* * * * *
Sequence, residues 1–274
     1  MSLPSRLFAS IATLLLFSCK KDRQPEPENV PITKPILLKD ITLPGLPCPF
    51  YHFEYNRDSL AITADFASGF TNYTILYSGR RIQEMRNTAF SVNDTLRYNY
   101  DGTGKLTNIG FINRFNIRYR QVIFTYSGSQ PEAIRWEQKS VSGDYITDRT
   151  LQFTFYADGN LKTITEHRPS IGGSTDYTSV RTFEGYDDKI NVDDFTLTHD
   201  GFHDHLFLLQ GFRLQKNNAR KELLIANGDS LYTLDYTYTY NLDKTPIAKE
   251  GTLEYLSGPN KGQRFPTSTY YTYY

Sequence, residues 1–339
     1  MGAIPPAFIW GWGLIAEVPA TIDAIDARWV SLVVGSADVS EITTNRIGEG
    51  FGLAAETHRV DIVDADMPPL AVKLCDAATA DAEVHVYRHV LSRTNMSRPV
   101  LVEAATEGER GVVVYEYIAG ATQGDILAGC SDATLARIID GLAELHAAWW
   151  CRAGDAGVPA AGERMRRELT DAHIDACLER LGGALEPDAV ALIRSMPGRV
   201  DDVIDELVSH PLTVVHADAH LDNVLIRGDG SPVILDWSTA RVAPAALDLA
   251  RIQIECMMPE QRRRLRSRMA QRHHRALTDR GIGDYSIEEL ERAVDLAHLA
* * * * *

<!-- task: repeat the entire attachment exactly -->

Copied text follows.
Sequence, residues 1–274
     1  MSLPSRLFAS IATLLLFSCK KDRQPEPENV PITKPILLKD ITLPGLPCPF
    51  YHFEYNRDSL AITADFASGF TNYTILYSGR RIQEMRNTAF SVNDTLRYNY
   101  DGTGKLTNIG FINRFNIRYR QVIFTYSGSQ PEAIRWEQKS VSGDYITDRT
   151  LQFTFYADGN LKTITEHRPS IGGSTDYTSV RTFEGYDDKI NVDDFTLTHD
   201  GFHDHLFLLQ GFRLQKNNAR KELLIANGDS LYTLDYTYTY NLDKTPIAKE
   251  GTLEYLSGPN KGQRFPTSTY YTYY

Sequence, residues 1–339
     1  MGAIPPAFIW GWGLIAEVPA TIDAIDARWV SLVVGSADVS EITTNRIGEG
    51  FGLAAETHRV DIVDADMPPL AVKLCDAATA DAEVHVYRHV LSRTNMSRPV
   101  LVEAATEGER GVVVYEYIAG ATQGDILAGC SDATLARIID GLAELHAAWW
   151  CRAGDAGVPA AGERMRRELT DAHIDACLER LGGALEPDAV ALIRSMPGRV
   201  DDVIDELVSH PLTVVHADAH LDNVLIRGDG SPVILDWSTA RVAPAALDLA
   251  RIQIECMMPE QRRRLRSRMA QRHHRALTDR GIGDYSIEEL ERAVDLAHLA